How Valuable is Your Trash?
When you hear the term “identity theft”, you might immediately think about data breaches and hackers. Maybe you picture nefarious criminals huddled around a basement computer. Perhaps you imagine a giant, faceless corporation carelessly storing your personal information and you feel like protecting yourself is out of your control. You’re not wrong – these scenarios occur much too frequently.
However, there’s another method identity thieves use to collect your data. It’s such an old school tactic that you might not even think about it or consider it to be a threat: dumpster diving. That’s right. Determined thieves still do dig through trash in order to find valuable personal information. While this is a potentially damaging personal violation, it is a type of theft that you easily prevent.
What types of trash should I shred to protect myself?
Any mail or documents containing personal information should be shredded. This includes:
- credit card statements
- credit card offers
- utility bills
- medical records (including the labels on prescription bottles)
- bank statements
- loan statements
- tax information
- employment records
- insurance information
In short, you should shred anything that lists your social security number, your driver’s license number, any account numbers, or private information (even just your address or employment history) you wouldn’t want shared.
What could happen if thieves go through my trash?
There’s a variety of fraud that can be committed with your personal information. From credit card fraud to tax fraud to payday fraud, thieves only need a few key pieces of personal information in order to potentially wreak havoc on your life.
Additionally, with the prices of medical treatments, procedures, and medicines constantly increasing, medical identity theft is on the rise. Thieves can use your insurance or medical information or the label on your prescription bottle to get medical care, drugs, or file claims. More than any other type of theft, medical identity theft has the potential to be financially ruinous given the high cost of medical care.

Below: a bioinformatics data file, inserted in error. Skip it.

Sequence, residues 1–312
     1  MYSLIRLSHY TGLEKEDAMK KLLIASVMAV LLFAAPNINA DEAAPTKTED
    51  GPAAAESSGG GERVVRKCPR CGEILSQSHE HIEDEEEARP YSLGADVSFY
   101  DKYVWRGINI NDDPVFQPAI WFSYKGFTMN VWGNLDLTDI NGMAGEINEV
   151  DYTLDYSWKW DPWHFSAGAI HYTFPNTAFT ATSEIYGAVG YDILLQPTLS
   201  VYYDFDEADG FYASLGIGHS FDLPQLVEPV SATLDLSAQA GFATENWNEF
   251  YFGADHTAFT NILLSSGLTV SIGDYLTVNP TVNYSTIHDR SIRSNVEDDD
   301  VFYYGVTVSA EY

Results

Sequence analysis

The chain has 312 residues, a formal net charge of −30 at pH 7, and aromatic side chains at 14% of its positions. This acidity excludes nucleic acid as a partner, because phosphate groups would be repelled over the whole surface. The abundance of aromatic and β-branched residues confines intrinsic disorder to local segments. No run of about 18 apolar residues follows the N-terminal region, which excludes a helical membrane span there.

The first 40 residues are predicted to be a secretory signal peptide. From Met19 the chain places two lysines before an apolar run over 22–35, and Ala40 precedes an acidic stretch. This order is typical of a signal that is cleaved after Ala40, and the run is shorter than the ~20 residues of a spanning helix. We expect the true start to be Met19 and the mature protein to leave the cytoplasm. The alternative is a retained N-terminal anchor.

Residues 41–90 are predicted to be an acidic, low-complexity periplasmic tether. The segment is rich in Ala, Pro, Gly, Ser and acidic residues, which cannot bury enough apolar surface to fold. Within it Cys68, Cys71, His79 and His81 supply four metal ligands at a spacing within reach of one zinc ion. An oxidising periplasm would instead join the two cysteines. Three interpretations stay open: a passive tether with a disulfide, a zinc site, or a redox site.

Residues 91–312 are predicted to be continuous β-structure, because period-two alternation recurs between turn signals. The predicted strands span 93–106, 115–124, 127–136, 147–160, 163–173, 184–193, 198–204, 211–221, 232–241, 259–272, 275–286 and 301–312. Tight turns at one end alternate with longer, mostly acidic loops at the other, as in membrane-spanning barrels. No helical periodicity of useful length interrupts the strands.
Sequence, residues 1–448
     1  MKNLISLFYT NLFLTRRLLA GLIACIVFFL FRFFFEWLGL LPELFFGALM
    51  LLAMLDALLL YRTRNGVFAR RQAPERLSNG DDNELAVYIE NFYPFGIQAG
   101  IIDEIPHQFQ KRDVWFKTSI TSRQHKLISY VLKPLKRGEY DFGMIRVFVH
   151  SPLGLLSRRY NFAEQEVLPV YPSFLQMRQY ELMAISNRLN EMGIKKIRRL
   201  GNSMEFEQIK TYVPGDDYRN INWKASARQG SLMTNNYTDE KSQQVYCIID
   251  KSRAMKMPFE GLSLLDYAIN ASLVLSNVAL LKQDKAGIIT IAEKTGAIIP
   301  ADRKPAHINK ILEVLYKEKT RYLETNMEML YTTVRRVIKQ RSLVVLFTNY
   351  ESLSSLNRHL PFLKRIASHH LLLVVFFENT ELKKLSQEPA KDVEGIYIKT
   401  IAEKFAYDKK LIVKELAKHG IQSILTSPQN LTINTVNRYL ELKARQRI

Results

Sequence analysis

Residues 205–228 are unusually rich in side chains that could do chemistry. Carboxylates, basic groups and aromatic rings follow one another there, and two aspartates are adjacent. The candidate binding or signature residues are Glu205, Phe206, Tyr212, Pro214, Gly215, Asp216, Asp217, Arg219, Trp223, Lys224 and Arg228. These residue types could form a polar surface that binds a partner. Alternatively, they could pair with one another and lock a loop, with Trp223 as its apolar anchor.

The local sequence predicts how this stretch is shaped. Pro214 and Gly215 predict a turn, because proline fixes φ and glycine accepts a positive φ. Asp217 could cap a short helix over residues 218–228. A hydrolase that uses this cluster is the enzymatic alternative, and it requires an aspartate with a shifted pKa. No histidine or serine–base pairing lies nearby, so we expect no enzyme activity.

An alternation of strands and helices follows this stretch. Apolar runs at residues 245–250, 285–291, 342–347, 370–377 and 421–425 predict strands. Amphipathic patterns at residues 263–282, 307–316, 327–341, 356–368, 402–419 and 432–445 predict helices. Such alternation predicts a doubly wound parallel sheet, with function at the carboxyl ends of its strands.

To learn more, read the FTC’s Consumer Information on Medical Identity Theft.
How do I know if I’ve been a victim of identity theft?
- Your credit card or bank accounts list charges you did not make.
- You receive bills from credit cards you didn’t open.
- Collection agencies claim you owe a debt you did not incur.
- Your credit score drops.
- You’re turned down for a credit card, loan, or other form of credit.
What should I do if I suspect I’m a victim of identity theft?
- Contact your local police department and file a report.
- Have a freeze or security alert placed your credit report by contacting the three main credit reporting bureaus.
- Report it to the Federal Trade Commission.
Shred it, shred it, shred it
We can’t say it enough. Simply ripping up documents or even using a home shredder doesn’t provide adequate protection. DataSafe provides residential services you can trust. Your personal information will be secure at every stop of the process until it’s destroyed beyond recovery.